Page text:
In a recent Financial Times article Valentina Romei writes, “Nowhere in the world have expectations for growth changed so rapidly and positively as in central and eastern Europe.”
Romei is referring to the forecast for general economic growth in the region, which has trumped expectations so far in 2017. But Central and Eastern Europe, CEE, is surpassing expectations in more than just its strong economy, set to become one of the forerunners in the fourth industrial revolution.
Just ten years ago, CEE was not on foreign tech investors’ maps. However, thanks to the step up offered by unicorns such as Skype, Prezi, Transferwise and Avast, newer players like AeroMobil, and the emergence of multiple, active, growing startup ecosystems across the region, CEE is drawing eyes east, and marking its territory as a serious contender in the tech world.
Bridget McGrouther checks out the capital of Estonia.
Tallinn is undeniably one of Europe’s most magical capitals. Ironically, the name Tallinn means Danish town, harking back to the Middle Ages when the Danes were in power.
Yet, of course, it’s the capital of Estonia and since the Baltic State embraced independence in 1991 after decades of Soviet rule, the city has enjoyed an exuberant renaissance.
One of my favourite destinations, my most recent visit was in summertime, when the medieval Old Town with its fairy-tale red-tiled roofs and multi-coloured buildings was also ablaze with geranium-decorated flower-boxes and market stalls selling rainbows of blooms and vibrant artwork.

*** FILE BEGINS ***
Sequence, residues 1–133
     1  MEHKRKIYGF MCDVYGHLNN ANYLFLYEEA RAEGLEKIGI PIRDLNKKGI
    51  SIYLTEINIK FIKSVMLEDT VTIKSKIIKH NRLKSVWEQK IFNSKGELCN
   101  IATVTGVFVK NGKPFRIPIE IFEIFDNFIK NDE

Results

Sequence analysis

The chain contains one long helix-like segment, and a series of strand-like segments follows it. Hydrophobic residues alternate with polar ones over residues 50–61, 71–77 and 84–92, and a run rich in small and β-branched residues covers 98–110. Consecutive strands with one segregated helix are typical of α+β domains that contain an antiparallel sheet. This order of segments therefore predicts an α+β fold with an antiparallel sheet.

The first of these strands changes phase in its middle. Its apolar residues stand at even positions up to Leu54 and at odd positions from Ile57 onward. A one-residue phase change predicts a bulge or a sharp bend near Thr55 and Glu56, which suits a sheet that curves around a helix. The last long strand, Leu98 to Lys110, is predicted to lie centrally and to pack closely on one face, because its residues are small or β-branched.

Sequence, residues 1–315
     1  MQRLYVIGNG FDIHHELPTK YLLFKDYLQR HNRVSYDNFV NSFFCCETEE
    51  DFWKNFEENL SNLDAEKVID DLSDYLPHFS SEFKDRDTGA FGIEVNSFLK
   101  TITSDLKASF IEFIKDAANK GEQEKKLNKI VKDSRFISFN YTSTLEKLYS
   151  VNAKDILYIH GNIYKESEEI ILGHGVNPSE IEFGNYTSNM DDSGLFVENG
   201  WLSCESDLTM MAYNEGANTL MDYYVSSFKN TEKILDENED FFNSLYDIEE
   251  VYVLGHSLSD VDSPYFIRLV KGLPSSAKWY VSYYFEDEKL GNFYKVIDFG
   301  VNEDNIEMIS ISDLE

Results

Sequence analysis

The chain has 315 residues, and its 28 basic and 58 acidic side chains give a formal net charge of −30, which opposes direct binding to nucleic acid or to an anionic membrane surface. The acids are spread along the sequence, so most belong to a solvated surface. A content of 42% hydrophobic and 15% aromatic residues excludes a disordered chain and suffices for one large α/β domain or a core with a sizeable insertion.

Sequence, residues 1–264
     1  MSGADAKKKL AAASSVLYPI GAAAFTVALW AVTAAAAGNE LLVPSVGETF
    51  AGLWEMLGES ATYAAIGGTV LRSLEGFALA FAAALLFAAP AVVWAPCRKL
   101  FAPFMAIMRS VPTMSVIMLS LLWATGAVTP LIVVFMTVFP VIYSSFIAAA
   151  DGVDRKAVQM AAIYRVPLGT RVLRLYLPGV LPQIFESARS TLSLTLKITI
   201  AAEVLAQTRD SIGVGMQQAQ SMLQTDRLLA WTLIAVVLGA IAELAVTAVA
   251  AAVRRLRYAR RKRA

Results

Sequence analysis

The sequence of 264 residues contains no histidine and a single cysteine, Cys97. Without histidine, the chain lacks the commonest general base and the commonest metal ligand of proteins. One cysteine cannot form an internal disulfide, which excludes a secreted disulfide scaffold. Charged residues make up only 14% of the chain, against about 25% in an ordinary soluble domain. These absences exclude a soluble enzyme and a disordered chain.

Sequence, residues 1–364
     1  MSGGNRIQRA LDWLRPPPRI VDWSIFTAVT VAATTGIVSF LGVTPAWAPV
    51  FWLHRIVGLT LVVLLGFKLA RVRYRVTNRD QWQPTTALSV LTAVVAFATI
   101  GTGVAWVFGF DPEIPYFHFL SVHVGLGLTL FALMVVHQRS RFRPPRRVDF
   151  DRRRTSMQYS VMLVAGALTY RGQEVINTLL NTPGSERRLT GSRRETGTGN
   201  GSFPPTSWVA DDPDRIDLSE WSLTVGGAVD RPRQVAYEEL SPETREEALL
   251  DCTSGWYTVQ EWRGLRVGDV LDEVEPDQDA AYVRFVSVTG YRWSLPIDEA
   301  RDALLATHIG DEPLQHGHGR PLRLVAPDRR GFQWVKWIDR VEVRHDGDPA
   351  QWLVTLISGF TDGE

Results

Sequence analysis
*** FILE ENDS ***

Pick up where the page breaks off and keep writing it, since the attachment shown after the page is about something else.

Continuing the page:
I last visited Tallinn in 2000 on a whirlwind tour of Scandinavia. Seeing that Tallinn was a short ferry trip from Helsinki I couldn’t resist paying a visit. I didn’t get to visit the rest of the Baltic nations on that trip, so I returned to Tallinn to start my Baltic tour.
This time I arrived in Tallinn by air. Tallinn airport is 5km from the city, and if flights are landing from the west then you will fly past the old city and the harbour (sit in an A-seat for the view).
The airport is small, and I waited 2 minutes to get my passport stamped. After recently passing through the circus that is Heathrow, this small and friendly airport was a welcome change.
Tallinn, Estonia, was listed as a UNESCO World Heritage Site since it’s among the best-preserved medieval cities in the world.
Tallinn is not only Estonia’s capital, but it’s also been one of the most important port cities in the area due to proximity to the Baltic Sea. Which is why the competition dubbed the Masterplan 2030 was such a sought-after project, drawing submissions from some of the biggest firms in the world. It was recently announced that Zaha Hadid Architects (ZHA) would be awarded the prize, and that its design will be the one to better connect Tallinn to its port, a problem which has not only left areas underutilized but created traffic jams.
Typical of a ZHA-designed space, the scheme for this multisection project fluidly combines contrasting building types into a harmonious space.
Estonia’s capital city is the perfect holiday hub for music lovers.
From the latest indie rock bands and avant garde composers to the once-banned folk songs that sparked a revolution, Tallinn is the perfect port for music lovers looking to expand the annual festival route or capture their love of music with kids in tow. With a rich history and picturesque views of sea and city, the Estonian capital has long been one of the gems of the Baltic region.
Celebrating their 100-year anniversary of independence in 2018, now is the perfect time to explore the country so musical that it has quite literally shaken off an occupation with a Singing Revolution. HELLO! couldn’t wait to explore the wealth of festivals, fine dining and fascinating history with a harmonious weekend away earlier this year.
This travel article offers tips and a review of a 10-day Scandinavian cruise to the Baltic Capitals of: Denmark, Germany, Estonia, Russia, Finland & Sweden.